as in, do you know how you were saying you can bring that bridge that over, or [00:17:00] do you feel the vendors in that space are also building tools to integrate into cloud? Cause they realize people are moving into cloud. 

Jack Naglieri: I actually don’t have the opinion that on premise vendors have, have made it easy for us. 

I don’t think they have. I think even, I think even SAAS vendors struggle to make it easy. the ones that I have tons of respect for are the ones where they just give it an option to put it into S3 or SS or, or Googles like blob storage or whatever. Yeah, so that’s the best. And they use JSON like, can we just use JSON for everything please? 

Like, why are we 

Ashish Rajan: wait, not YAML. Is that even 

Jack Naglieri: a no people don’t use the YAML for logs but oh my God, that’d be terrible. yeah. 

Ashish Rajan: Say so you know how you mentioned the detection program as well? I, I feel. Threat detection itself has gotten a lot of limelight in the cloud native space and where it used to before on premise. 

I don’t even remember. They used to be titles for detection engineers before now. There’s like threat detection engineer earlier. It used to be threat intelligence. So. With the program that you mentioned for threat detection programs. Do you have some insight [00:18:00] for people who may be looking at this going okay. Jack sold me on the idea of doing cloud native security monitoring. Yeah. , what am I looking at? What am I really building in my company to do, to even start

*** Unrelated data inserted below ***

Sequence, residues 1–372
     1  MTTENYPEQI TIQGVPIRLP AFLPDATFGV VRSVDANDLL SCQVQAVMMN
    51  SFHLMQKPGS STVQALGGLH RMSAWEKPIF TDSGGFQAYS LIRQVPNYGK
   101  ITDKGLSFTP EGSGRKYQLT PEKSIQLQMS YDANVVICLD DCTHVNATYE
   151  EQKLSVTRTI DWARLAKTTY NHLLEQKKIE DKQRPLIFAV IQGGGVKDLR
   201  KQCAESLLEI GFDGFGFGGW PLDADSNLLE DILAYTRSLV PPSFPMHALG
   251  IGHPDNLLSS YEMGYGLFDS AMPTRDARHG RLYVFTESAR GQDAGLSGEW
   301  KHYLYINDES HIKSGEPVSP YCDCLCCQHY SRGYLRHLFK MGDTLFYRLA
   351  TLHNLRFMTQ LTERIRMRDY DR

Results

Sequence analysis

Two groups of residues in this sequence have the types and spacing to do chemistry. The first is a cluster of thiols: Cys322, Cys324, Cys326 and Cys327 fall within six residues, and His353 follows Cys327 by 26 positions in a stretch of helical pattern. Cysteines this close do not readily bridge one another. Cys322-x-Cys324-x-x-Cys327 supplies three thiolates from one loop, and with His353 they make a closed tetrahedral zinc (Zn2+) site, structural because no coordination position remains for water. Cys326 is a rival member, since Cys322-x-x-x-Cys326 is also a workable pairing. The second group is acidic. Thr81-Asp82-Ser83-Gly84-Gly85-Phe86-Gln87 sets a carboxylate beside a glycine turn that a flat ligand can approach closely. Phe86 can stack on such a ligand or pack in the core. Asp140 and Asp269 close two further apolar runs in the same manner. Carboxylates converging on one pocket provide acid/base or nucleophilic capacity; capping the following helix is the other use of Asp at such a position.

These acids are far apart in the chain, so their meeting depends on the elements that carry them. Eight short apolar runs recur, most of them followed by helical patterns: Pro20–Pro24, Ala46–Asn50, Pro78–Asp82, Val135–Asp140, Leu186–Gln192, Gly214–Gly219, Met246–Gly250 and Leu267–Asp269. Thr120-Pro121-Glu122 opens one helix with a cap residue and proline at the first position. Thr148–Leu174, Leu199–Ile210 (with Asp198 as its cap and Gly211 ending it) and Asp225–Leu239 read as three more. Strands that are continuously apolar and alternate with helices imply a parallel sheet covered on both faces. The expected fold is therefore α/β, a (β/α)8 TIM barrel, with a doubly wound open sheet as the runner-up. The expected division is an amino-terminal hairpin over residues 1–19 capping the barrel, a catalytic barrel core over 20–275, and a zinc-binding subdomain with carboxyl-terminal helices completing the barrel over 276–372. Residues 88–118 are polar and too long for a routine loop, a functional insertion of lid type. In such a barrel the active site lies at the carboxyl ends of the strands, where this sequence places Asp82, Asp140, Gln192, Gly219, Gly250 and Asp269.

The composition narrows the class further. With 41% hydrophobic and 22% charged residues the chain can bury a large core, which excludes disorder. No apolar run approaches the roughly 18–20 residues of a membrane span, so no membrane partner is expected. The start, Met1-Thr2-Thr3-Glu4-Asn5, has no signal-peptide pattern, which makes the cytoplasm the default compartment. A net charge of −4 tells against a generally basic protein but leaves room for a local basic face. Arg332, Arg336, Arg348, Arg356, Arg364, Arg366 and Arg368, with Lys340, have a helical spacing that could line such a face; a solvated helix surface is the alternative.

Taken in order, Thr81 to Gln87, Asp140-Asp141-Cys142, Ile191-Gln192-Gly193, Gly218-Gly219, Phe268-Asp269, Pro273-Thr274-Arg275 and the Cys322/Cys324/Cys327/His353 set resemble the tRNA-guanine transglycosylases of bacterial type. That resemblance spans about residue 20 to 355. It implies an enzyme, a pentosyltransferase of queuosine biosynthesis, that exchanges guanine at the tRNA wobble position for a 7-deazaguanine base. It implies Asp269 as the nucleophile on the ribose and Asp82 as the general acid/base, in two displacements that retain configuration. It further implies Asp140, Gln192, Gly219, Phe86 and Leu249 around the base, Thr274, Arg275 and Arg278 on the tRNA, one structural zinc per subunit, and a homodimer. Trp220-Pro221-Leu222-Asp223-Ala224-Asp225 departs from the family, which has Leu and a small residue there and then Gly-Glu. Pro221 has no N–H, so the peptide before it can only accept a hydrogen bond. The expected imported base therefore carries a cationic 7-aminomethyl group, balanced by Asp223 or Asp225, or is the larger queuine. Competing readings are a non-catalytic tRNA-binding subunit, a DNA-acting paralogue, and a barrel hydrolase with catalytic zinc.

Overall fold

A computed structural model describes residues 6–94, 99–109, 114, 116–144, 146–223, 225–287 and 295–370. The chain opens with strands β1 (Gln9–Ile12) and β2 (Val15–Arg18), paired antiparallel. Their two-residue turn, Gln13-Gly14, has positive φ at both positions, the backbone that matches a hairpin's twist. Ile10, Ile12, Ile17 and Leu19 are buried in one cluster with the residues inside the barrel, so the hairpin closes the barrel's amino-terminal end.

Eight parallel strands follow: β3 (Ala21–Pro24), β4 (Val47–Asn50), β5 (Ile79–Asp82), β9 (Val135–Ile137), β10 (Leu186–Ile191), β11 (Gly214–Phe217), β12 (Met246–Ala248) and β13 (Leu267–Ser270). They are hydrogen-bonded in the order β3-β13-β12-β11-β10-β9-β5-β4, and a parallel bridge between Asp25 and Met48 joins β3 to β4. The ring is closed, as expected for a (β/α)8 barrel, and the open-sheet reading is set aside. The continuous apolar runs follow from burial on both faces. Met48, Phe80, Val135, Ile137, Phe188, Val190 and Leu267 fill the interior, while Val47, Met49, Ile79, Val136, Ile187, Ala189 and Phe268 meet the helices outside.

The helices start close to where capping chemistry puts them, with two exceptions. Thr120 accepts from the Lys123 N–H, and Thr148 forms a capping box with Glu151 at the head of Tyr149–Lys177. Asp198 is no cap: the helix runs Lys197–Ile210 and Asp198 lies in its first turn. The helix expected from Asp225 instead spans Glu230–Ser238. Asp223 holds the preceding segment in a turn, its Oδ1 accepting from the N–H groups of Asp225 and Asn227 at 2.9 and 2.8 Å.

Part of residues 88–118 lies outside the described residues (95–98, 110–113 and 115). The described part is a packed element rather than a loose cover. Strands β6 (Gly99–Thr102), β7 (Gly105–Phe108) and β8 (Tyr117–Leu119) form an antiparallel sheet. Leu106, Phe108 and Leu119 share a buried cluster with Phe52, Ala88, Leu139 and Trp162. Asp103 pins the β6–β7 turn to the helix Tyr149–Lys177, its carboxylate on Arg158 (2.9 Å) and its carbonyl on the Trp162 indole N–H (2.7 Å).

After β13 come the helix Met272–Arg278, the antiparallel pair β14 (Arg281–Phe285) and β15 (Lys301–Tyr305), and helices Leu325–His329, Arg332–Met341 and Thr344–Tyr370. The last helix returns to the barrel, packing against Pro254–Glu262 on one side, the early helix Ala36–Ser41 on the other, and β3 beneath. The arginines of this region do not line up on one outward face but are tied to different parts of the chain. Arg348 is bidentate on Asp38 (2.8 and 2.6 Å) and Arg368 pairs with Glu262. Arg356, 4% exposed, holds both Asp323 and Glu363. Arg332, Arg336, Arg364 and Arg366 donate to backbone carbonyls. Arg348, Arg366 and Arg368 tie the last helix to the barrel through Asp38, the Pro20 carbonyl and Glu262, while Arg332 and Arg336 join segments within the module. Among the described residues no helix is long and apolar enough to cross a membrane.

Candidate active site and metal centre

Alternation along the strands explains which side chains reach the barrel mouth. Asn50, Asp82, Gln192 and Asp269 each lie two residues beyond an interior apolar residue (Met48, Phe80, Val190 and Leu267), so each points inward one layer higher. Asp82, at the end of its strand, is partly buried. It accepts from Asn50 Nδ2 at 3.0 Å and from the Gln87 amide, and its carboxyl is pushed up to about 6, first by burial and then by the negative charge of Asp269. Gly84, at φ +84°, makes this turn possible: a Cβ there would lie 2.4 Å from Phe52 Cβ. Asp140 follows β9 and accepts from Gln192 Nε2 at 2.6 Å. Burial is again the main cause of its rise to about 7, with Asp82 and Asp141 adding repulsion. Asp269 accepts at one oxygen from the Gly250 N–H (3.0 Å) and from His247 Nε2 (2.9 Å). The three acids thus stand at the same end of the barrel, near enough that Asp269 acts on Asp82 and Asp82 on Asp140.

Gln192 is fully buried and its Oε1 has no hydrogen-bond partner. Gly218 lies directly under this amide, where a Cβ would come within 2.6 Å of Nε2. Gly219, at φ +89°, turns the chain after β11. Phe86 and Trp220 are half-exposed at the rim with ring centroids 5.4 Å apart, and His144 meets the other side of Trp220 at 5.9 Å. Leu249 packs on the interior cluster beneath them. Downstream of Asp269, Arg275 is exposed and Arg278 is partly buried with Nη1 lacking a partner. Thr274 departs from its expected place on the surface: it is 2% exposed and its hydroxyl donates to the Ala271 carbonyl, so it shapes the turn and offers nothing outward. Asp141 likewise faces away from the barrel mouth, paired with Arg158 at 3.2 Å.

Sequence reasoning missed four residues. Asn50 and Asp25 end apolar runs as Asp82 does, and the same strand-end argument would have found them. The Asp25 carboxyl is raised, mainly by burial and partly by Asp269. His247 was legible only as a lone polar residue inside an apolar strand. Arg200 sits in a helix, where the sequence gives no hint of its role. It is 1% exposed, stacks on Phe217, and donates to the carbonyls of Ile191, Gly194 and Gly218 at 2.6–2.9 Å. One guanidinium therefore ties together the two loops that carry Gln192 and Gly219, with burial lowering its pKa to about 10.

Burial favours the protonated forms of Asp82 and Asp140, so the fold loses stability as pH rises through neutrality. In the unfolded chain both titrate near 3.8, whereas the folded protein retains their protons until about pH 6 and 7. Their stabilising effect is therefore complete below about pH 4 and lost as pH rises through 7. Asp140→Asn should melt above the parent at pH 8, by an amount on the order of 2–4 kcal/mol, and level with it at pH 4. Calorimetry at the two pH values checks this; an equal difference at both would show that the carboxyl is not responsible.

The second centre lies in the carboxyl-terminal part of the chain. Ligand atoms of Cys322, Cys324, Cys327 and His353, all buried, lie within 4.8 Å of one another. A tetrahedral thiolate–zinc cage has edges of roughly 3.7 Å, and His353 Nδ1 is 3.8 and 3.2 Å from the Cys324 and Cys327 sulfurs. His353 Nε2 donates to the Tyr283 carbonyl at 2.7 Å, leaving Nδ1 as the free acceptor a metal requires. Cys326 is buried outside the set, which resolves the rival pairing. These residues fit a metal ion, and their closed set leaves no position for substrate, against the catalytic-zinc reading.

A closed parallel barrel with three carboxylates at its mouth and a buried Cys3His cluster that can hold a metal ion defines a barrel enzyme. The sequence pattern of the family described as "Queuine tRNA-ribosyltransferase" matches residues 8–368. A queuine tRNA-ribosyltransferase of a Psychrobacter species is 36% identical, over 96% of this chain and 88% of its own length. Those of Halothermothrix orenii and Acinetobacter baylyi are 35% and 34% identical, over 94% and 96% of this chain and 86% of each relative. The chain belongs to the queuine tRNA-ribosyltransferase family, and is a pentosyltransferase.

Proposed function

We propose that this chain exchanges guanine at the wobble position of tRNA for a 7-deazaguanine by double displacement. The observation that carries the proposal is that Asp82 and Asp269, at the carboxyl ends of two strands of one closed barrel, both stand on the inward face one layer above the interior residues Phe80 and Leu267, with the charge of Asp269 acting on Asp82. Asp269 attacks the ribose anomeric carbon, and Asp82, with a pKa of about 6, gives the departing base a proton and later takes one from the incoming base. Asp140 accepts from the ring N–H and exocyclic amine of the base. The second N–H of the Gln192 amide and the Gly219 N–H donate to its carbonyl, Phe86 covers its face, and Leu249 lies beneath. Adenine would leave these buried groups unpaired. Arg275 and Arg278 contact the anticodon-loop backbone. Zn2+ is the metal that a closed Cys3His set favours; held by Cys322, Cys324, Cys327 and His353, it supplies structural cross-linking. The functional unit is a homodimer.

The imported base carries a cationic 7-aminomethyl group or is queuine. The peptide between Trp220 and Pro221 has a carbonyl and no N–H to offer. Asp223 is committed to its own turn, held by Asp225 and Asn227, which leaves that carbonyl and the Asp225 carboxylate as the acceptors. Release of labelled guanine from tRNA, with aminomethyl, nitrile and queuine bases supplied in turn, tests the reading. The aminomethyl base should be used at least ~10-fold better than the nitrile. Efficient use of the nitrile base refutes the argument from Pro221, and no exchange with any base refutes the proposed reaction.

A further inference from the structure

Jack Naglieri: this today? It starts with visibility, a line that I said recently in a blog post is you can’t protect what you can’t see. Mm. So you have to really start there and. 

I wrote a few blogs on this, , on my sub stack. It’s about what detection engineering like really is and how you start with it. So it talks about logging. It talks about testing detection, code, things like that. And then I’ll probably write some, some more. It just got home from travel. So a lot of time yet. 

Ah, but it’s really just , starting there and, and making sure that you start with a platform that will grow with you. And I think that’s a big mistake that people make is they use short term solutions or. They build something themselves that probably works for the scale they’re at currently, or maybe for the next three months, but not after that. 

And , in security monitoring or detection response, which we also need to just standardize in calling it one thing, like 50 different things. But incident response [00:19:00] detection, whatever it is. We need to think in the very long terms, because if we get breach. At one point, we may not hear about it for six months later, and that’s a very common thing. 

So if you don’t have the ability to go back, or if you don’t even have the ability to retain that data, then you’re kind of outta luck. And then you can’t, you, you really can’t answer questions about what happened. So you don’t know what the extent of the breach was. And then a lot of other bad things happen cuz you can’t really prevent it again, cuz you don’t know what happened. 

So you never want to be caught in that position. So you should always. Visibility into the assets that you care the most about, like, what are your like, quote unquote, crown jewels? Like, what are the, what are the things you need to, to monitor? You know, if you use the house example, which I, I use all the time, I think the house examples. 

Perfect. You have a house you’re trying to protect, and you have like strong windows and you have doors and you have ways of getting in and out and you have cameras and you have valuables in your house and you wanna make sure that, you know, who’s accessing. So you start there, right? And then you [00:20:00] go, you sort of fan out and then you get more and more and more context. 

So instead of just knowing who unlocked the door to you’re safe you see who, who came in the house or who was driving near the house or whatever it may be. And it’s very synonymous. Like what real attacks look like? You’re doing what reconnaissance people are mapping out like, okay. Like how do I break into this place?